There’s no let up in the energy levels on the next piece as the trio deliver a spirited version of Bobby Timmons’ “This Here”. Both Starace, again on alto, and Watson bring an appropriate blues / gospel element to the proceedings as each solos effectively. Watson also combines with Cottle to bring an impressive rhythmic drive to the performance. Finally the bassist cuts loose with a fleet fingered, virtuoso solo as the others temporarily drop out.

An unaccompanied alto sax cadenza introduces the trio’s version of Chick Corea’s “Got a Match?”, a tune from the composer’s Elektrik Band repertoire, but here delivered as a thrilling acoustic performance with Cottle stepping into John Patitucci’s shoes with a dazzling electric bass solo. The solos from Watson and Starace are equally iridescent, with Cottle’s driving bass lines propelling their exchanges to new heights.

The only original tune on the album is “Nina”, Starace’s delightful dedication to his five year old niece. This features the composer on soprano sax and the ballad has an appropriately child like charm about it, with Watson making a particularly lyrical contribution at the piano.

As previously alluded to Starace’s love of the visual arts finds expression in the trio’s interpretation of Ennio Morricone’s “Once Upon a Time in America”. This is introduced by a passage of solo piano from Watson, subsequently joined by Cottle on bass and Starace back on alto. Watson later stretches out more expansively, his pianistic flights of fancy supported by Cottle’s buoyant bass lines. Starace then pays homage to one of his heroes with an emotive, but fluent, alto solo.

“Brazilian Like” represents another dip into the repertoire of Michel Petrucciani and is a composition that didn’t find its way onto the “Simply Marvellous!” album. Nevertheless it’s one of Petrucciani’s most popular compositions and represents a perfect vehicle for this trio with its memorable melody and Brazilian style rhythmic cadences. Starace features extensively on alto, while Cottle is at his most Swallow like with a stunning electric bass solo. Watson also impresses when he takes over at the piano,  as does the overall collective performance.

A flurry of notes from Starace’s alto heralds the arrival of Charlie Parker’s “Segment”, a bebop tour de force that sees the trio negotiating its complex twists and turns with genuine brio as the leader’s alto takes flight. Cottle’s supple but propulsive bass lines also spur Watson to fresh heights, before the bassist himself cuts loose once more in a series of dazzling exchanges with the piano and sax, with Starace even introducing a little slap tonguing.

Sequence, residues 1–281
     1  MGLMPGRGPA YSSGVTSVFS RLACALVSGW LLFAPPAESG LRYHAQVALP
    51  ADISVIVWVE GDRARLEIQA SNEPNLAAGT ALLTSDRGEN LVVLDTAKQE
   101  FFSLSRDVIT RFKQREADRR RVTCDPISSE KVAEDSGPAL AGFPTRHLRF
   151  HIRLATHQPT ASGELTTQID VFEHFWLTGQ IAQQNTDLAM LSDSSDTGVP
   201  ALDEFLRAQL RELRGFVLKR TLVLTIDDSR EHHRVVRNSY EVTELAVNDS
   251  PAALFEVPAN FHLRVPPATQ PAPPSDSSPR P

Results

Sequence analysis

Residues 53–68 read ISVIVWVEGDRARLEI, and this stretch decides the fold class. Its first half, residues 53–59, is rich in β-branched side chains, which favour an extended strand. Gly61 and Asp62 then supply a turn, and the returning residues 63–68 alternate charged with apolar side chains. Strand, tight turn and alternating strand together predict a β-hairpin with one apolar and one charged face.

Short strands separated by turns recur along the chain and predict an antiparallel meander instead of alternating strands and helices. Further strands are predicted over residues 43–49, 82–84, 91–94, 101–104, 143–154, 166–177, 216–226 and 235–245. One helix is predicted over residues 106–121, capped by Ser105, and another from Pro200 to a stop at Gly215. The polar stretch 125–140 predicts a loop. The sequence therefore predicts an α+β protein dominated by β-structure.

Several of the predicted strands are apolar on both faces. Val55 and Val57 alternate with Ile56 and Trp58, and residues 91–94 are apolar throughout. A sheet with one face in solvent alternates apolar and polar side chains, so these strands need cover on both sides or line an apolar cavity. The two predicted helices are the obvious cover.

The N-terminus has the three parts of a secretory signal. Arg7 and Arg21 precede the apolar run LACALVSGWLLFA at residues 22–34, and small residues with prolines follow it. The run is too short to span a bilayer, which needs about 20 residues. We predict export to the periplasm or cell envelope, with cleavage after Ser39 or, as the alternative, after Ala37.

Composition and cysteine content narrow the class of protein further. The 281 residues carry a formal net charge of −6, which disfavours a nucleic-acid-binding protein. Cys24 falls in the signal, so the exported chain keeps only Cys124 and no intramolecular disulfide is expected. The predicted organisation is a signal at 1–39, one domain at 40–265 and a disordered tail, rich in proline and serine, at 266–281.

The album concludes with “Napule e”, written by the late Italian guitarist and singer-songwriter Pino Daniele (1955 – 2015).  Performed as a jazz ballad this features Starace on wistful, pure toned,  gracefully swooping soprano and Cottle on liquid electric bass.  Daniele’s memorable melody is also the vehicle for Watson’s piano lyricism as the trio sign off the album on a gently elegiac note.

Starace can always be relied upon to ‘deliver the goods’, whatever the musical context and whatever the instrumental format. This drummer-less trio performs this largely standards based set with an energy and confidence not normally associated with ‘chamber jazz’. The word ‘intimate’ is normally applied in this context to refer to something fragile and almost self consciously beautiful, but there’s nothing remotely ‘precious’ about this recording.

The playing is ‘intimate’ in that it is highly democratic and interactive,  but Starace, Watson and Cottle create a genuine spark and bounce ideas off each other in a manner that is anything but passive. There’s a strong collective rapport allied to some superb individual contributions as the three protagonists push each other to new heights. There’s an urgency about Starace’s playing, and an incisiveness to his tone, that encourages his colleagues to reply in kind. Many of these performances crackle with energy, but there are moments of genuine beauty too, notably the two soprano ballads, “Nina” and Napule e’”,  plus Morricone’s “Once Upon a Time in America”.

This is the sound of a trio having ‘serious fun’, and that sense of enjoyment readily transmits itself to the listener.